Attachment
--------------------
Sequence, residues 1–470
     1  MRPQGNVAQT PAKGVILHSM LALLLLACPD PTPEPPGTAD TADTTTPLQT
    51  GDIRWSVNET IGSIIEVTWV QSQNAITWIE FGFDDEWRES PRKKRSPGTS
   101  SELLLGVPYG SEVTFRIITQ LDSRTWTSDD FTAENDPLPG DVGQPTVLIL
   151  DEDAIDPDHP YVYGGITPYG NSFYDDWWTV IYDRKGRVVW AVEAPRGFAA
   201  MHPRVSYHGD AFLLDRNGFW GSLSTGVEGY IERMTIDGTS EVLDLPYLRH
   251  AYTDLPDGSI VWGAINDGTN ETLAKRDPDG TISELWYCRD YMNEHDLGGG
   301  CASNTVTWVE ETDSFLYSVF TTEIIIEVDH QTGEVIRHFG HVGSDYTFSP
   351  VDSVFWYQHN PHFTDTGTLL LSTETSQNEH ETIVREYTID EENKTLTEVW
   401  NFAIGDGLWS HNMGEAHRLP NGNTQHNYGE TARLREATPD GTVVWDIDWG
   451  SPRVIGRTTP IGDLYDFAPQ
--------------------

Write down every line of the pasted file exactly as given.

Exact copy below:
Sequence, residues 1–470
     1  MRPQGNVAQT PAKGVILHSM LALLLLACPD PTPEPPGTAD TADTTTPLQT
    51  GDIRWSVNET IGSIIEVTWV QSQNAITWIE FGFDDEWRES PRKKRSPGTS
   101  SELLLGVPYG SEVTFRIITQ LDSRTWTSDD FTAENDPLPG DVGQPTVLIL
   151  DEDAIDPDHP YVYGGITPYG NSFYDDWWTV IYDRKGRVVW AVEAPRGFAA
   201  MHPRVSYHGD AFLLDRNGFW GSLSTGVEGY IERMTIDGTS EVLDLPYLRH
   251  AYTDLPDGSI VWGAINDGTN ETLAKRDPDG TISELWYCRD YMNEHDLGGG
   301  CASNTVTWVE ETDSFLYSVF TTEIIIEVDH QTGEVIRHFG HVGSDYTFSP
   351  VDSVFWYQHN PHFTDTGTLL LSTETSQNEH ETIVREYTID EENKTLTEVW
   401  NFAIGDGLWS HNMGEAHRLP NGNTQHNYGE TARLREATPD GTVVWDIDWG
   451  SPRVIGRTTP IGDLYDFAPQ